FatStacks – Plan, Launch and Explode a Niche Website
Jon Dysktra is a niche site builder specializing in media-styled sites. He documents his experiments with Adsense and other content monetization strategies over at his blog FatStacksBlog.com where he dives deep into how running paid ads can be incredibly profitable for ad-monetization strategies like Adsense. Today, he is going to share how you can go about and create massive success with your niche sites by showing you how he plans out each of his own niche sites, which cumulatively does more than $20k a month in profit for him.
I’ll interject here and there, but otherwise let’s hand it off to Jon!
I’m still amazed that being a niche website publisher is a viable business. I love it. It’s a perfect combination of writing and entrepreneurship, that results in helping people through providing great information.
Not only can niche blogs generate a nice monthly income, but they are also a growing asset.
Just take a look at the niche sites for sale on Empire Flippers and how much many of the sites sell for. It’s amazing, and there are no barriers to entry. It’s a business that’s available to anyone.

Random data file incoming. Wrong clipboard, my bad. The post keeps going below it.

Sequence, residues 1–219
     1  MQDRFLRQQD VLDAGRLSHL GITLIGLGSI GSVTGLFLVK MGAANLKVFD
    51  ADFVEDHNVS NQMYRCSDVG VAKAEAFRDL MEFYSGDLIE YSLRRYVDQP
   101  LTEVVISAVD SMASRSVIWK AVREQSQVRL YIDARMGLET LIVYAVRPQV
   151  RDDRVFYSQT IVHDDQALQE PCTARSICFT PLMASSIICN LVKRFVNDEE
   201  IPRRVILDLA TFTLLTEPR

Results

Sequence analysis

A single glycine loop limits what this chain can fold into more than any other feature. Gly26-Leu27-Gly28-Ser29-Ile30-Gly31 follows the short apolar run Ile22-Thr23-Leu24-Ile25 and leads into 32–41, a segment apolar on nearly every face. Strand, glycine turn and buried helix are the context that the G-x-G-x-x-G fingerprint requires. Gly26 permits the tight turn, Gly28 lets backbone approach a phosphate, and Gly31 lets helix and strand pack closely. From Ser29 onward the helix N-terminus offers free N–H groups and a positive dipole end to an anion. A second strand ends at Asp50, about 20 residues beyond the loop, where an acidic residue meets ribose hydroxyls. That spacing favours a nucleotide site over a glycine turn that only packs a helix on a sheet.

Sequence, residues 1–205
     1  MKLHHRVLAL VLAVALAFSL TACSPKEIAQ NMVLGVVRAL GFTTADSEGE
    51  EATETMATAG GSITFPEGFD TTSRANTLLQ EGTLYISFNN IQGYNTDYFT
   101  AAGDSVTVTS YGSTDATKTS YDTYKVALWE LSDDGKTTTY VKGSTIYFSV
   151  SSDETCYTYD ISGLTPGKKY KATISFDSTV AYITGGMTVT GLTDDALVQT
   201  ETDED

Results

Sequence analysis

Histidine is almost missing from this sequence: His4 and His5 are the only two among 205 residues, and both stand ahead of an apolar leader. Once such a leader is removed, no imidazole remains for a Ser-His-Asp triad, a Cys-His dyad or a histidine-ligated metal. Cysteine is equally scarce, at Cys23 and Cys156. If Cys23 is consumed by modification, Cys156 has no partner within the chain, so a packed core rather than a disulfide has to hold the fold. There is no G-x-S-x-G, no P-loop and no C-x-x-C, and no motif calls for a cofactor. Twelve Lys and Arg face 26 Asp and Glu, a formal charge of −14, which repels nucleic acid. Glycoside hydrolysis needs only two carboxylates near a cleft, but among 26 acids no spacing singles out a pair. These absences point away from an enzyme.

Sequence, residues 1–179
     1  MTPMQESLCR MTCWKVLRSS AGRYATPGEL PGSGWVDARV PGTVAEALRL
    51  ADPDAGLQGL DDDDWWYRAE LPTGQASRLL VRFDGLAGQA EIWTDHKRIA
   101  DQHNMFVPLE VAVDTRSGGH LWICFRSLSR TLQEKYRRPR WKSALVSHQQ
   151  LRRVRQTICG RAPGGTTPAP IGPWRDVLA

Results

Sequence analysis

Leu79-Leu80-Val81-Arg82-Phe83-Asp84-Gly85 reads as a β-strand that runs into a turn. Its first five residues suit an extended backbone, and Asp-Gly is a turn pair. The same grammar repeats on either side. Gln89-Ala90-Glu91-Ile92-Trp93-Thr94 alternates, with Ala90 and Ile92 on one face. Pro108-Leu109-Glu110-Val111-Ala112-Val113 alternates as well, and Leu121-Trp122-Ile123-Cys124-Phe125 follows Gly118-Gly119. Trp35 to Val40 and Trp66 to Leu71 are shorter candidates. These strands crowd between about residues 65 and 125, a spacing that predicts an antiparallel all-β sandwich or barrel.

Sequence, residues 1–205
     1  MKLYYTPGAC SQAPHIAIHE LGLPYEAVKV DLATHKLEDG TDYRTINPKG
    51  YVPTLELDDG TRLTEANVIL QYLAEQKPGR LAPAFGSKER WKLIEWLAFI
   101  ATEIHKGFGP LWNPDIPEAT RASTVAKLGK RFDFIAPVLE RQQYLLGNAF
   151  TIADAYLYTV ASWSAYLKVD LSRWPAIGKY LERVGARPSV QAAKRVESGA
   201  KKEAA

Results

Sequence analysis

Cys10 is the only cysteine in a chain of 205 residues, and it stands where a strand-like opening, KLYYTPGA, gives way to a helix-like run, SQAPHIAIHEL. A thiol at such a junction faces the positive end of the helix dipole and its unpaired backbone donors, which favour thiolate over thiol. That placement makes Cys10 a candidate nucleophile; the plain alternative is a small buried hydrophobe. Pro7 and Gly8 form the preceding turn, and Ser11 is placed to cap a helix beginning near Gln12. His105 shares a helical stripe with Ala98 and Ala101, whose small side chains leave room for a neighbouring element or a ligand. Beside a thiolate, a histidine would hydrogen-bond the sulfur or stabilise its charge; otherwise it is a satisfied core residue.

Nevertheless, as it involves both content creation and financial savviness, a niche site business requires both planning and monetization.
Below, I set out my approach to planning, launching, and growing niche sites, and specifically what I call B2C niche sites.
B2C vs. B2B Websites
B stands for business, and C stands for consumer. A B2C website is a website that serves a consumer population. Examples include most mainstream magazines and their affiliated websites, such as People.com, Outside.com, etc.
A B2B niche site, in contrast, serves business owners and entrepreneurs (including aspiring entrepreneurs). An example of this is my Fat Stacks Entrepreneur website, which profiles my strategy for building a successful niche website business.
The rest of this post focuses on planning, launching, and exploding B2C niche websites (i.e., online magazine-style websites).
While hotly debated, I believe you should have some interest in the niche that your site focuses on, especially for your first site. Once you have piles of capital, you can go into other niches and hire people to run them. When starting out, though, you should be interested in the topic because you’ll be handling most or all of the work.
Once you have a list of niches that interest you, assess the following:
1. Is there a large audience?
Generally I like broad, large niches for two reasons:
- Plenty of potential traffic
- Content flexibility
By content flexibility, I mean I have plenty of flexibility when it comes to topics to publish about. I’m less likely to run out of ideas when there’s more room to maneuver.
As far as traffic is concerned, how big is big enough?